About the only place to put a single floor jack to get both front wheels off the ground at the same time is under the crossmember just behind the oil pan. If your floor jack has a small pad, it may dent the crossmember. So I use a jack with a large pad, and spread the load further with a wide block of wood.
I have seen some very trashed crossmembers, so I prefer to use two jacks under the spring pans or front jack points.
I concur, the crossmember directly behind the oil pan is the way to go. I put a piece of oak 2x4 about 12" long on the jack to distribute the load over the entire crossmember. Once up, jackstands go under the jacking points and away it goes.
As for the rear, the differential housing is your best bet. Once again, use a good piece of wood (something soft so it gives a bit), jack it up, and then put your jackstands under the rear jack points and your're good to go.
this gets complicated when i want to bring the whole car up level. (for trans/diff refills. i do it once a year. why not)
even tho i have a low-profile jack, and use 2x6 boards to roll-up on, its sketchy to get a jack under the diff when the front is raised. (i even have rhino ramps.) maybe im just chicken. i psych myself out of alot of work when it comes to lifting the spider. i always owned and worked on Jeeps, with lots of clearance. the spider , should it fall, has no room for survival of anyone underneath.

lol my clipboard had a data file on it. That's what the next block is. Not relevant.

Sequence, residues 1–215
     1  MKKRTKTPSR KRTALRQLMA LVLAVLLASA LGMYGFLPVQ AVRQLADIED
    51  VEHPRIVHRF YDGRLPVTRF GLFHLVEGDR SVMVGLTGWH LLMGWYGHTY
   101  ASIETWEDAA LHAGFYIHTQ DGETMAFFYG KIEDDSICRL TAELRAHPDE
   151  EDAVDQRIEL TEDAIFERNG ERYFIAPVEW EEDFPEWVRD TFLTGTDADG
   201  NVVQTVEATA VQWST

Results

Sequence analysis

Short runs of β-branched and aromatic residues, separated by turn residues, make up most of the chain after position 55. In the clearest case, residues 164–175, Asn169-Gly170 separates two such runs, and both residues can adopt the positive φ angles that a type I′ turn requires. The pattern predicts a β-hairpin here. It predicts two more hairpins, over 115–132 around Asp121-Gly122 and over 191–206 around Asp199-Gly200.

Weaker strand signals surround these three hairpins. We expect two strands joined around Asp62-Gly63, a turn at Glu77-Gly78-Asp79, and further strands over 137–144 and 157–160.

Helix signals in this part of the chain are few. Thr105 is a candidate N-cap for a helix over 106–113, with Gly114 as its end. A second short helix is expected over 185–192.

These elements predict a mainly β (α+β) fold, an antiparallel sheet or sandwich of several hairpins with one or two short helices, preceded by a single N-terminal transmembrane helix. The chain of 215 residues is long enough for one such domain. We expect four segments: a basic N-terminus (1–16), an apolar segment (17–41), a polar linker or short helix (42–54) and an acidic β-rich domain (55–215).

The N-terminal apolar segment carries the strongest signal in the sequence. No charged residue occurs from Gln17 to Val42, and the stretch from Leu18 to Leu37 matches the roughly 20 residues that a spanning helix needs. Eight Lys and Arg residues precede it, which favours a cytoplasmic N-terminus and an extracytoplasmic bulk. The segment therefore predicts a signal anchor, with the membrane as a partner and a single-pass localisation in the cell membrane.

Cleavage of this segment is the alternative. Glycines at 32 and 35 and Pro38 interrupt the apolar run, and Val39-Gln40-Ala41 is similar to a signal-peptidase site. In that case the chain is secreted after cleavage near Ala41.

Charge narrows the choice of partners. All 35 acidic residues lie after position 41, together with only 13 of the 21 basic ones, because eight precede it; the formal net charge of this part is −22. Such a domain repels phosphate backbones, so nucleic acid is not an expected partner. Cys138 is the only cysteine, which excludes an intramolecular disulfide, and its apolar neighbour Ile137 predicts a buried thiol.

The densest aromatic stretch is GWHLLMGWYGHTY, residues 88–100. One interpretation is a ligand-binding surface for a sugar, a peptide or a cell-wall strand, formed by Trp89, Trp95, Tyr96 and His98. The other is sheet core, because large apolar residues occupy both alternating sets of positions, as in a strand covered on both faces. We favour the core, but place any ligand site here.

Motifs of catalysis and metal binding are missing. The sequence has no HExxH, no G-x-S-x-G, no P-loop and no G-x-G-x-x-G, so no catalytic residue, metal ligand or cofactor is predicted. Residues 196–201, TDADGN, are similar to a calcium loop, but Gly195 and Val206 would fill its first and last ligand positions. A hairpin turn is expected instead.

and frankly, who wants to take chances with a handsome face like mine.
but im getting more ballsy about it. most work is on the sides near the edge where my head doesnt have to be under the car
The other thing I always do is leave the jack under either the front crossmember or diff in addition to the jackstands just to provide an extra safeguard. Another thing that I do sometimes if I have the wheels off is to stick them under each corner of the car. So between the jackstands, jack, and wheels (if possible) there's a lot under the car to keep it up should something fail. Getting crushed under a car isn't high on my list of things to do either
I bought a low-profile jack from Sears, and just jack up one spring cup at a time in the front. Although you could do the crossmember with a piece of wood, I figure it's probably worth the extra effort for the added safety factor.
The Jacking points on the Spider seem too close to the center of gravity on the car. In the photo you can see I use heavy-duty stands, lifted near their limit. I have a great deal to do under the car, and I am a big fella', so...
I have never had a car shift while up in the air like my '81 Spider has. I am going to lower it a bit more than I would like because of this. I don't want the mass to move out past the jacks stability point. A very scary proposition.
Someone on another thread had cautioned when lowering the car, to lower the front or rear first?
In my case, I lower one notch at a time on each stand, using the spring cups in front and the trailing arm attach points in the rear.
It feels very nose heavy while resting on the standard jacking points.